As reported in the Journal of Clinical Oncology by DuBois et al, the Children’s Oncology Group phase III AEWS1221 trial showed no event-free survival benefit with the addition of the anti–insulin-like growth factor-1 receptor (IGF-1R) monoclonal antibody ganitumab to interval-compressed chemotherapy in newly diagnosed patients with metastatic Ewing sarcoma.
The investigators noted that monoclonal antibodies directed against IGF-1R have shown activity in patients with relapsed Ewing sarcoma.
In the multicenter trial, 298 patients were randomly assigned between December 2014 and March 2019 to receive ganitumab plus interval-compressed vincristine/doxorubicin/cyclophosphamide alternating once every 2 weeks with ifosfamide/etoposide (VDC/IE; n = 150) or VDC/IE alone (n = 148). All patients were to receive 14 cycles of chemotherapy; local control of the primary tumor was planned after the first six cycles, using investigator’s choice of surgery, radiation, or both. After completion of 14 cycles, patients were to receive radiotherapy to metastatic sites. Ganitumab at 18 mg/kg was given on day 1 of cycles 1 to 6 and 10 to 14, and at the same dose every 3 weeks for eight doses after completion of metastatic site radiation. The primary endpoint was event-free survival.
At the second data and safety monitoring committee (DSMC) interim monitoring point (at 50.5% observed information), the event-free survival hazard ratio (HR) for the ganitumab group vs the control group was 0.95 (95% confidence interval [CI] = 0.65–1.39). Although the protocol-defined inefficacy boundary was not crossed, the DSMC recommended early closure and early discontinuation of ganitumab in March 2019 based on observed outcome data and a potential increased risk of pneumonitis in the ganitumab group.
A total of 45 patients discontinued ganitumab early and crossed over to the control group. Patients were followed for 3 years from time of early closure for the current final primary analysis (data cutoff at end of March 2022).
Estimated event-free survival at 3 years was 39.1% (95% CI = 31.3%–46.7%) in the ganitumab group vs 37.4% (95% CI = 29.3%–45.5%) in the control group (HR = 1.00, 95% CI = 0.76–1.33, P = .50). Estimated overall survival at 3 years was 56.7% (95% CI = 48.3%–64.2%) in the ganitumab group vs 59.5% (95% CI = 50.8%–67.3%) in the control group (HR = 1.03, 95% CI = 0.75–1.42, P = .99). A post hoc analysis of the potential impact of crossover from the ganitumab group to the control group showed no significant effect on either event-free survival or overall survival.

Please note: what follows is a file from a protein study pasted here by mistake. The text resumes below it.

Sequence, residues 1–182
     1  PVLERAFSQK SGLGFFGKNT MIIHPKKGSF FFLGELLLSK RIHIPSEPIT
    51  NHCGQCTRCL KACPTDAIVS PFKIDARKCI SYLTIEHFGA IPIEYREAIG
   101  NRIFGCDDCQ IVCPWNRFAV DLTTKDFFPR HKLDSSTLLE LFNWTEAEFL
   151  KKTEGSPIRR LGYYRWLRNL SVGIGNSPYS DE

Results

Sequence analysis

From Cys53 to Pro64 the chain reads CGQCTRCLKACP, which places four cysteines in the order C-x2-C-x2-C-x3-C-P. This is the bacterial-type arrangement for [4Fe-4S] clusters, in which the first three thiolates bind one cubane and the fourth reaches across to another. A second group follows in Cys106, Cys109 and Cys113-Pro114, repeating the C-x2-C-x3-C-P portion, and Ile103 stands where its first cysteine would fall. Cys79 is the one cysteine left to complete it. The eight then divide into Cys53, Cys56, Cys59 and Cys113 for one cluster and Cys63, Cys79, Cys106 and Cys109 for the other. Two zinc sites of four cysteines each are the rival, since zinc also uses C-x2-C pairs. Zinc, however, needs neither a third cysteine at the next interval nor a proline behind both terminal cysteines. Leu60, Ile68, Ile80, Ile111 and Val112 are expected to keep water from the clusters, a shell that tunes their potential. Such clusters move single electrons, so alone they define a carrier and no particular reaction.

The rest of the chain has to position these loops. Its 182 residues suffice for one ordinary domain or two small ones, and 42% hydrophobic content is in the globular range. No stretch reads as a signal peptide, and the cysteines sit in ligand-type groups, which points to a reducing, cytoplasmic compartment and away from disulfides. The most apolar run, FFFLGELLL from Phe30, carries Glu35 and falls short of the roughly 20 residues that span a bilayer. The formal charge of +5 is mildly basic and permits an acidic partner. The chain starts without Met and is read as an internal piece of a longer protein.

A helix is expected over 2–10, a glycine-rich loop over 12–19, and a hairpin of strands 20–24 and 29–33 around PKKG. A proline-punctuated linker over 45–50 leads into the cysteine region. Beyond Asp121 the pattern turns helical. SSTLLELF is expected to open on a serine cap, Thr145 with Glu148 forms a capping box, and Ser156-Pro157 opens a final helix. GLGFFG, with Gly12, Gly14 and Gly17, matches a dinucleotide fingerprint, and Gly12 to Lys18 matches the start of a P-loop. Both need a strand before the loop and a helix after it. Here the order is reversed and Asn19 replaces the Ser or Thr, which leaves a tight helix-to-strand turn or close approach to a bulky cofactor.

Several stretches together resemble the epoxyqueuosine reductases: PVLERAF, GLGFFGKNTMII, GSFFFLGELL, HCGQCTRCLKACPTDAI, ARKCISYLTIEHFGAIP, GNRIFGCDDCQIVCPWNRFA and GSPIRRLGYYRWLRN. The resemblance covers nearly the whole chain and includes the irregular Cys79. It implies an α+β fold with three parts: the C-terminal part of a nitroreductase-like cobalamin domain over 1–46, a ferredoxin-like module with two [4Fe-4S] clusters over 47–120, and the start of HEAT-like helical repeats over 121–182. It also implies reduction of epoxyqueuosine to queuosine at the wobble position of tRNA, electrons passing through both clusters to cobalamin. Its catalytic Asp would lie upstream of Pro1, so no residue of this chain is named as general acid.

Rates of grade ≥ 3 nonhematologic toxicity were similar in the ganitumab group vs the control group, except for higher rates of febrile neutropenia (grade 3 in 48.0% vs 39.3%, grade 4 in 5.3% vs 3.4%) and increased alanine aminotransferase (grade 3 in 13.3% vs 3.4%, grade 4 in 0.7% vs 0.7%) in the ganitumab group. Among grade 3 or 4 adverse events of special interest, rates in both groups were similar and < 10% for allergic/infusion reactions, hyperbilirubinemia, hyperglycemia, and cardiac dysfunction. However, grade ≥ 3 pneumonitis occurred in 2.7% vs 0.7% of patients and resulted in death in one patient in the ganitumab group. All four patients with grade ≥ 3 pneumonitis in the ganitumab group had received radiotherapy to the thorax.
The investigators concluded, “Ganitumab added to interval-compressed chemotherapy did not significantly reduce the risk of event-free survival events in patients with newly diagnosed metastatic Ewing sarcoma, with outcomes similar to prior trials without IGF-1R inhibition or interval compression. The addition of ganitumab may be associated with increased toxicity.”
Steven G. DuBois, MD, of Dana-Farber Cancer Institute, is the corresponding author for the Journal of Clinical Oncology article.
Disclosure: The study was supported by the National Cancer Institute, St. Baldrick’s Foundation, QuadW Foundation, and Alex’s Lemonade Stand Foundation. For full disclosures of the study authors, visit ascopubs.org.The content in this post has not been reviewed by the American Society of Clinical Oncology, Inc. (ASCO®) and does not necessarily reflect the ideas and opinions of ASCO®.